Girl Scouts Case Study

Jun 18, 2020 9:00:00 AM / by Markku Kauppinen

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Girl Scouts is the preeminent leadership development organization for girls. We offer every girl a chance to practice a lifetime of leadership, adventure, and success. We’re 2.5 million strong — more than 1.7 million girls and 750,000 adults.

Girl Scouts was founded by Juliette Gordon Low on March 12, 1912 in Savannah, Georgia. It was founded during the Progressive Era before women were allowed to vote. The first Girl Scouts blazed trails and redefined what was possible for themselves and girls everywhere.In fact, being a Girl Scout helps girls thrive in five key ways. As a Girl Scout, she:

• Develops a strong sense of self
• Displays positive values
• Seeks challenges and learns from setbacks
• Forms and maintains healthy relationships
• Learns to identify and solve problems in her community


The Girl Scouts operate as a federated model. This means the national level supports hundreds of councils to help them maintain and grow a healthy team.

There are several coaches that are deployed to support the councils. The national level influences the councils but does not do the work. Therefore, communication skills are vital to the success of the coaches.

The councils began to see a decline in their membership numbers. The national level needed to act and do something to support their health for continued growth.


The Girl Scouts learned about Extended DISC® through their partnership with Sandler Training. The Extended DISC® Assessments were a natural fit to help with communication and sales growth.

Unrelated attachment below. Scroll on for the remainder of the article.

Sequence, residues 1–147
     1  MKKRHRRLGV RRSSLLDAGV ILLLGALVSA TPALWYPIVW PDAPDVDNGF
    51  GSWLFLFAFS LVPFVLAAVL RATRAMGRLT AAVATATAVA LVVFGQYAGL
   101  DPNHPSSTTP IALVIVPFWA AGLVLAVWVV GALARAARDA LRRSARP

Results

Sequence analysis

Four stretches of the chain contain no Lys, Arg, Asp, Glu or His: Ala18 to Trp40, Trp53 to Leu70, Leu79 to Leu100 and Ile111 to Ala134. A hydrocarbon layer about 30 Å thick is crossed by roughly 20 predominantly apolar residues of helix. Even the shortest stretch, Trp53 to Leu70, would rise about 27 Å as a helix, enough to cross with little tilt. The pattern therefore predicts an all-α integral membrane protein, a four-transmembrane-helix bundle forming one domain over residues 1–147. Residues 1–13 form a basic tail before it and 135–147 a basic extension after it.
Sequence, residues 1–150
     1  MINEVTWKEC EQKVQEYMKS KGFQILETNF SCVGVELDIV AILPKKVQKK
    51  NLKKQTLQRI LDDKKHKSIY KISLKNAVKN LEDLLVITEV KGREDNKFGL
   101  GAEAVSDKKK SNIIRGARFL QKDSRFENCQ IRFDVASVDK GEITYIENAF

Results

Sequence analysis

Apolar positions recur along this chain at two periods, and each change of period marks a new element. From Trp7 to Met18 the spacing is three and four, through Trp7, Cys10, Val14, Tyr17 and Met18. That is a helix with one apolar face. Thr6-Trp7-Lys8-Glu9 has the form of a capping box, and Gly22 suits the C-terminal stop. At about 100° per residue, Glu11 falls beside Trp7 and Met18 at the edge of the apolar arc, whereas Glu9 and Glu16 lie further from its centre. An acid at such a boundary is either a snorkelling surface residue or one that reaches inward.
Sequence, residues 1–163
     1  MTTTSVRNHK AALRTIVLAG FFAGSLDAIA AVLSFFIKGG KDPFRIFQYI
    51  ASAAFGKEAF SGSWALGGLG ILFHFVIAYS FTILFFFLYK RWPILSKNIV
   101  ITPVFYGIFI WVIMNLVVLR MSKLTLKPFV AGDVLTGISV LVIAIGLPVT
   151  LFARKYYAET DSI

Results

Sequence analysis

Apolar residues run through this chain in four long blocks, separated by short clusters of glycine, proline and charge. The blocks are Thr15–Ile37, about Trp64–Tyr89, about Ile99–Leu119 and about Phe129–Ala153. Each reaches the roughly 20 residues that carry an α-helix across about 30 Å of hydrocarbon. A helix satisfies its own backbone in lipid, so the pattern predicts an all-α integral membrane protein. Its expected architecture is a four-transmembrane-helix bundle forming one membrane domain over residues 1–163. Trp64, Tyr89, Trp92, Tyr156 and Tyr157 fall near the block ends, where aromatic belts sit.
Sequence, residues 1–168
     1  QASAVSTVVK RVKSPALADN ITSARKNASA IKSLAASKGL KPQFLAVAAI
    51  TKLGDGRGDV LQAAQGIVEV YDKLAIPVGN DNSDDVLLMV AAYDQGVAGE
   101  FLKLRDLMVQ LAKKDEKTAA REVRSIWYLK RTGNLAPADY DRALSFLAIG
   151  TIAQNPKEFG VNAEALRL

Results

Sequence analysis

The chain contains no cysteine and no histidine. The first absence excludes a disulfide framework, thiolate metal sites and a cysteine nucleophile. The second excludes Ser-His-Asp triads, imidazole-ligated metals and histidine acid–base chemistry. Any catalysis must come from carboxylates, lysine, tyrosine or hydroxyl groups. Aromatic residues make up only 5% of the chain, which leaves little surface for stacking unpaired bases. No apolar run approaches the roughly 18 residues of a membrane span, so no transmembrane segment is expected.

Girl Scouts thrive to help girls develop a strong sense of themselves, so it only seemed right to develop that within ourselves. Extended DISC® provides insights into our own self-awareness. It is pre-work for our council staff members and at the national level we try to get as many people through the training as possible.


The biggest benefit has been the sense of empowerment we have seen, both as an organization and at the individual level. Girl Scouts is comprised mostly of women, and many have grown up being discouraged to be strong and not being empowered to use their leadership skills.

The Extended DISC® Assessments have caused many individuals within the organization to pause and rethink the value they bring with their natural style. The assessments leave them with the sense that it’s okay to be who you are. We are able to embrace our true selves (even the pieces that have been squashed over the years) and appreciate the unique styles of each individual.

When the Extended DISC® 4-Steps to Effective Communication are applied, our coaches become more influential and are able to have their message heard; whereas, in the past it may not have been. Also, the councils who fully implement the training are the most successful, the healthiest, and see continued growth in their membership.

With Extended DISC® we have learned to celebrate who we are and focus working on continued growth.

Download the Girl Scouts Case Study


Topics: Case Studies

Markku Kauppinen

Written by Markku Kauppinen